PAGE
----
I am watching all the media “hype” associated with the death of Whitney Houston somewhat with “amazement,” I suppose. I am to the point now, when something about it comes on TV, I walk out of the room… this whole thing has been gnawing at me.
I have heard reports that upwards of 70,000 folks will be attending her “private” funeral – and that the blessed event will be streamed on the internet. The governor of New Jersey has commanded that flags be flown at half-staff… really?
There is no doubt that her death is a “tragedy,” but not from the perspective being presented. It’s had been kind of interesting to hear “celebrities” and “talking heads” share their takes on her death; about how sad it is, how tragic it is and so forth. But I am seeing it from a different view – that of a recovering alcoholic. There was a time when I was where Ms. Houston was, perhaps just before she stepped in the tub…
What comes to my mind however is something I heard very early on in my Air Force career. While it has to do with flying, it also conveys a very strong perspective with respect to drunks.
The Troop Who Rides One In
“We should all bear one thing in mind
when we talk about a troop who rode one in.
He called upon the sum of all his
knowledge and made a judgement.
He believed in it so strongly that
he knowingly bet his life on it.
That he was mistaken in his judgement
is a tragedy…not stupidity.
Every supervisor and contemporary
who ever spoke to him had an
opportunity to influence his judgement.
…so a little bit of all of us
goes in with every troop we lose.”
So, with each of those 70,000 folks attending Whitney’s funeral, I wonder how many of them took the opportunity to express their concern about her drinking, and “using.” I don’t know if it would have made a difference; probably not. But I hope that every one of those 70,000 folks who attend her private funeral, and the people who watch via the internet, take pause, and reflect – did I say something to her, about her drinking? Would it had made a difference? Who knows? Perhaps, not. But we will never know, will we?
In my 20 years of drinking in the Air Force only 1 guy ever had the courage to say something to me about my drinking – to my face. He didn’t do it maliciously; he said what he wanted to say with love. I know that now, but at the time,I couldn’t “hear him.” Maybe if I had heard it from a few more of you out there it would have made a difference – we’ll just never know. I know I will spend the rest of my life looking for Dennis Bell; to thank him for his courage to tell me what he had to say…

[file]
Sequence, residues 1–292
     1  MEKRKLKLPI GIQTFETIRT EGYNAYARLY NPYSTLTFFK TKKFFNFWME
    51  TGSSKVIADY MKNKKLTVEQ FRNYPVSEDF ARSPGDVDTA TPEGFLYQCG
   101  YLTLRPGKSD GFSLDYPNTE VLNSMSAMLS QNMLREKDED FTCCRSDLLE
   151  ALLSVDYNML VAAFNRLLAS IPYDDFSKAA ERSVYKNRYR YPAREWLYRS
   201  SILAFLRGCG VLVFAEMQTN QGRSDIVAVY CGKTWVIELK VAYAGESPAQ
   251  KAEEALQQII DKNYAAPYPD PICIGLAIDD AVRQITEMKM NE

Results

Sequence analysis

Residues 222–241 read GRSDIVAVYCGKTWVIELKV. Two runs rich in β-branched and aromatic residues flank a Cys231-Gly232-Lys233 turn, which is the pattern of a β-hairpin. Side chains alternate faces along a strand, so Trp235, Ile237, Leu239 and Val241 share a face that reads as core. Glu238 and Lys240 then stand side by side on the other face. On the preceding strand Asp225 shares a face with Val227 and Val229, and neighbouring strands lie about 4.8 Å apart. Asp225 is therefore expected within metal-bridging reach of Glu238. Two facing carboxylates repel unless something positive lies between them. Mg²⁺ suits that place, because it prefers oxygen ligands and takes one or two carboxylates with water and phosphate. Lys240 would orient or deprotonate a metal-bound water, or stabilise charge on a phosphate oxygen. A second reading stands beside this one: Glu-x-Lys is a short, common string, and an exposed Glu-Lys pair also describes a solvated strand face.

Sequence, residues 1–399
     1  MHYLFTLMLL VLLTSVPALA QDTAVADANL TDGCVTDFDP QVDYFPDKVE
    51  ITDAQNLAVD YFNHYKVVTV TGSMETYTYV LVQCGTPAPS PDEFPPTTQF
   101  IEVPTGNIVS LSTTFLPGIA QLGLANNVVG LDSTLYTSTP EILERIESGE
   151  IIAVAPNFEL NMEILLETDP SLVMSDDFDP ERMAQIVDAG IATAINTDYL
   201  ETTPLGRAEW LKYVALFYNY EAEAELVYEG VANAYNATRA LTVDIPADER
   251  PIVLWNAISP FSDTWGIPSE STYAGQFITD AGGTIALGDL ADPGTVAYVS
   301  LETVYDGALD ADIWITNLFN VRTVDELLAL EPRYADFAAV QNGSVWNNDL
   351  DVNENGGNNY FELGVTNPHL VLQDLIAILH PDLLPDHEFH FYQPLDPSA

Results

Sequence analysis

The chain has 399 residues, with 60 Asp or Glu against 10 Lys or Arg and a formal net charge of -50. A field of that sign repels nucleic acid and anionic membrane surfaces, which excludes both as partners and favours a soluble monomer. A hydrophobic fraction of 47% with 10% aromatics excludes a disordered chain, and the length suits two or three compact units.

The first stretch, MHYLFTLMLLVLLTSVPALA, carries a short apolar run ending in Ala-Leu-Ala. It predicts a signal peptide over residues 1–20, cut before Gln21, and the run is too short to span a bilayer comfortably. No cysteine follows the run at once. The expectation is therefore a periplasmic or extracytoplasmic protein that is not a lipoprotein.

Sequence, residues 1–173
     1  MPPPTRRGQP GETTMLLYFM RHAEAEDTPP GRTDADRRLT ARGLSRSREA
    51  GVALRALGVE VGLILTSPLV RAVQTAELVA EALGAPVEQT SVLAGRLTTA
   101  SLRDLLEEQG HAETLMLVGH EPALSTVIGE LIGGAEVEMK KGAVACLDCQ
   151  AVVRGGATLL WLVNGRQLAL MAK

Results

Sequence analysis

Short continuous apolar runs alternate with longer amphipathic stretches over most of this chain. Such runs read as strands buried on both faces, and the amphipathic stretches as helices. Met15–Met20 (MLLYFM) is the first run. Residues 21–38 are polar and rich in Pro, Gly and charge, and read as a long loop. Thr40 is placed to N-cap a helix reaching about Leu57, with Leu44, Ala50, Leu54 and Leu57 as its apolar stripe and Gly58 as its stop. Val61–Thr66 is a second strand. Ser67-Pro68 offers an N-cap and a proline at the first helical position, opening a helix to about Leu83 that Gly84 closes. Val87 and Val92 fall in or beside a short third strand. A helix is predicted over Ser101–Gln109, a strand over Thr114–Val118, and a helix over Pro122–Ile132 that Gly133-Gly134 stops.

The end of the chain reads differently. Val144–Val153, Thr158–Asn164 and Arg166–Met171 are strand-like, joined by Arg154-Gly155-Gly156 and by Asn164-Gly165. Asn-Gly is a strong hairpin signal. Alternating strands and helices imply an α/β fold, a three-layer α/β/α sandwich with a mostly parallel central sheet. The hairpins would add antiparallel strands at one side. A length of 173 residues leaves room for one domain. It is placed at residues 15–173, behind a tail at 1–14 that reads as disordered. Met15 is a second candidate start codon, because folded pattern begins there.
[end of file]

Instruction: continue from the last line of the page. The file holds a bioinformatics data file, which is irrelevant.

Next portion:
There is a program in the Air Force about being a “Wingman;” and I think it’s a very good program – if used as it’s been designed. Show your concern for the folks you work with; for the folks who work for, and on occasion, the folks you work for. I had the occasion once to “speak openly” with a boss I really respected, and yes, loved. We were at a 2-week course in Southern California and I told him of my concern for him – at the bar. He asked exactly what I had to say, and I went on to tell him I would tell him more, when I was sober. He in turn, invited me over to his room the next day to watch a football game. When I showed up, he asked about “my concern.”
I sucked in a breath, then I began. I told him how I knew how much he wanted to be a general officer (he was a colonel at the time – me, a major). The I told him why I thought he would never make it. I told him he drank too much. “God damn it, Bob,” he replied, “I know it! I know it!” He then went over to his refrigerator, and poured a glass of straight vodka! I could see how tormenting it was to him… I don’t know if this ever had any influence on him, but it sure did on me! I also, was “tormented” with my drinking for the rest of my “drinking career.” Aside: John never did make general, but he did get sober! On his own…
Once someone tells you something, you can not “unknown it” anymore. You hear something enough, it has to begin having an effect – like it or not.
So what am I advocating here? Take a “positive” from Whitney Houston’s death. Be a “wingman;” be a friend. If you see someone suffering from drinking, say something – in private at first. Own it yourself. I never want to ever hear someone say something to the effect, “I always knew he/she had a problem with drinking; we all knew it.” Then did you say something to that individual (you dumb shit? – (my words)). At the end of my drinking, I was incapable of taking care of myself – and I didn’t care anymore.
I am saddened by Ms. Houston’s death for sure; but not any more or any less than any other person who dies of alcoholism. Whitney was 48 when she stepped into that tub last week and died; I was 48 when I stumbled into that Lutheran church 17 years ago, and cried for help… it’s all about ‘”choices.”
To my supervisors, to my peers, to my contemporaries who ever influenced my judgement – I am so grateful this morning. For there, but for the Grace of God, go I…. Thank you!